Interpretive Summary: Reproduction in domestic ruminants during the past 50 yr: discovery to application.
By: Jackie Walling
An article in the July 2018 Issue of the Journal of Animal Science discusses the progression of reproductive discoveries in domestic ruminants dating back to the 1600s when anatomical studies of reproductive organs began. Cattle studies addressed explain the development of Artificial Insemination (AI), the estrous cycle, and ovarian function as well as the problems associated with anestrus and embryonic/fetal mortality. This historical recount examines conceptus development and establishing pregnancy, later branching into recent reproductive techniques: embryo transfer, in vitro fertilization, cloning, transgenics, and gene editing.
AI has become the most crucial technique in breeding industries. The first methods employed rectal massage to collect semen from cattle using tubes and funnels. This was done shortly after Russian Professor Ivanov began studying semen wiped from freshly bred mares in 1899. His work contributed to developments in semen collection, evaluation, and processing. In 1914, the first artificial vagina was constructed and later modified to increase sperm yield by enacting ways to warm the AV and provide pressure.
The 1940s experimented with nutrient components of extenders (solutions to prolong sperm life) starting with a buffered egg yolk solution. Later, milk lipoproteins were added along with antibiotics. The 1960’s extenders maintained pH, reduced oxygen content, and increased fertility by use of Caprogen (contains catalase as antioxidant). Semen viability went from a 24-hour life to lasting more than a year with the gradual progression of extender development and invention of cryopreservation. Effective cooling methods favored semen survival, reduced bacterial growth, and overall increased the lifespan of sperm.
AI became significantly useful with the simultaneous developments in understanding the estrous cycle and ovarian function. In the 1920s, known as the “Heroic Age of Reproductive Endocrinology”, hormones were purified and concentrations measured using newly developed radioimmunoassays (RIAs). Researchers determined the hypothalamus controlled the pituitary gland, the use of GnRH synchronized follicular waves (inducing ovulation), and prostaglandin F2α was identified as a useful application to synch estrous cycles. Inducing ovulation became beneficial to alleviate anestrous expression (reducing reproduction efficiency) at the beginning of breeding seasons.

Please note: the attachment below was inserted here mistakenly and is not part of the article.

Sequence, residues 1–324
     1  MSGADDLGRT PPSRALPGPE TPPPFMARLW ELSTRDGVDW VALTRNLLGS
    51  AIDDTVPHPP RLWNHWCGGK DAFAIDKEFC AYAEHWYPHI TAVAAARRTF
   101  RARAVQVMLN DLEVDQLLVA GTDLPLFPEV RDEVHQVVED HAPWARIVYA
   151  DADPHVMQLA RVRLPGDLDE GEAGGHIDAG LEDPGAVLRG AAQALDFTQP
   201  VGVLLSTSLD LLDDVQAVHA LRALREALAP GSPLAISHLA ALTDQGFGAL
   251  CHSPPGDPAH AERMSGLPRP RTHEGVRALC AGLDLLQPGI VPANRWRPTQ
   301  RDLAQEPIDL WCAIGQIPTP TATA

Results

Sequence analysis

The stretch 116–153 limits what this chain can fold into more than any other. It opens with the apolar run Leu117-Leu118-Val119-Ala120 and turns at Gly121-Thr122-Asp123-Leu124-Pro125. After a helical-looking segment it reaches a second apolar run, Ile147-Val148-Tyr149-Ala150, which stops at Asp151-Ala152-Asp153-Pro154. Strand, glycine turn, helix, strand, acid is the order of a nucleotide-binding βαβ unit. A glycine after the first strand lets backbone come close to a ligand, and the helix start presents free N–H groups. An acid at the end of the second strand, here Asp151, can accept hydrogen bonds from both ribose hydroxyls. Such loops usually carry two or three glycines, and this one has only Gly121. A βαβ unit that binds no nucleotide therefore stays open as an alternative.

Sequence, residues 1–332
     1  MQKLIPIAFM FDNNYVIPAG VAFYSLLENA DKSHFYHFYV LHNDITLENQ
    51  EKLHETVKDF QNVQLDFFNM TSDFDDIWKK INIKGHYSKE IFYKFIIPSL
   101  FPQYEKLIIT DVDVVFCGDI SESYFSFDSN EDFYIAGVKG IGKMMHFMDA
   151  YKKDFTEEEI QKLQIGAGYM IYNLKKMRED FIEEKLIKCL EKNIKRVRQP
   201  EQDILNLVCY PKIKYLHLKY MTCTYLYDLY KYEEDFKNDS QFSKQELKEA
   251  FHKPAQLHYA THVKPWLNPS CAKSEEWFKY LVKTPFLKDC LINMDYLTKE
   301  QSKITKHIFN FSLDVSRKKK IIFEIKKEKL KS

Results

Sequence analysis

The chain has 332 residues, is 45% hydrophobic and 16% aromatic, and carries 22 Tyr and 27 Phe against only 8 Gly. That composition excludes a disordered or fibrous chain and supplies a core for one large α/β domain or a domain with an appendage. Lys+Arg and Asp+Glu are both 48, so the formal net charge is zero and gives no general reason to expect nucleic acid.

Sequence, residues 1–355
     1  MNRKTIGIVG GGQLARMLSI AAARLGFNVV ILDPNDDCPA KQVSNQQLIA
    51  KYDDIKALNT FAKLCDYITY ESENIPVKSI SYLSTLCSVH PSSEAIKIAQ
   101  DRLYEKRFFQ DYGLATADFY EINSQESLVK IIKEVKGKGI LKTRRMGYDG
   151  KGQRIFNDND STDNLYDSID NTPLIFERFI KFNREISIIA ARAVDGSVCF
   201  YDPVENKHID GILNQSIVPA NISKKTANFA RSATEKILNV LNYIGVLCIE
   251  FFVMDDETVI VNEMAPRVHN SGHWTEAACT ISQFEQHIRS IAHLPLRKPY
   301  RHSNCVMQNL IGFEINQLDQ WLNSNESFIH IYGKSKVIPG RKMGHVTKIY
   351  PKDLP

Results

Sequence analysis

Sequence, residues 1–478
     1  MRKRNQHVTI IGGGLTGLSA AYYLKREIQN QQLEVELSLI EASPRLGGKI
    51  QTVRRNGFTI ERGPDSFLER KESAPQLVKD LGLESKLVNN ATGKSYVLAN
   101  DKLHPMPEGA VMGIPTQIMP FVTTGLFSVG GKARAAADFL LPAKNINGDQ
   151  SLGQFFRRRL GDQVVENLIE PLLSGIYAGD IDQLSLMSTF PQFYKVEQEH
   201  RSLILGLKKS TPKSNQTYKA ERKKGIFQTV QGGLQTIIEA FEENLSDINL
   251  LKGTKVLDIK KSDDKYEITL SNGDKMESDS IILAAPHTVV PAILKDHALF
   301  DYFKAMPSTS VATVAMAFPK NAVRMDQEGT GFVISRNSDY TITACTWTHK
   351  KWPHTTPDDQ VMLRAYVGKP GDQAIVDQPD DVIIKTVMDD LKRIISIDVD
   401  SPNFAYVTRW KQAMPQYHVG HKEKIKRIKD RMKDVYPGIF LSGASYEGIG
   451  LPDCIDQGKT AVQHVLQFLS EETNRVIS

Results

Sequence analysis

Preventing embryonic/fetal mortality and detecting viable pregnancies early became of upmost interest and was monitored by interactions between the uterine environment and conceptus development. RIAs isolated pregnancy-specific protein B from the placenta of cattle helping to determine the time of maternal recognition of pregnancy (MRP). The role of prostaglandins were also analyzed for their effect on MRP. To help curb mortalities, progesterone therapy was utilized and shown to improve conceptus development.
The cascade of reproductive events through the 1900s made it possible to create life by the use of embryo transfer, in vitro fertilization, cloning, transgenics, and gene editing. Embryo transfer drastically improved between 1970 and the 1990s. A successful transfer requires exceptional knowledge in the timing of the estrous cycle and information garnered from trials has paved the way for other techniques. The 1980s turned to cloning, the famed Dolly, and stem cell biology along with in vitro fertilization producing its first calf in 1981. Transgenics and gene editing found different ways to insert DNA into cells and has recently taken off with the discovery of CRISPR. As studies continue, more knowledge will breed new ideas and ways of manipulating reproductive practices for the better.
For the complete history of reproduction, visit the Journal of Animal Science.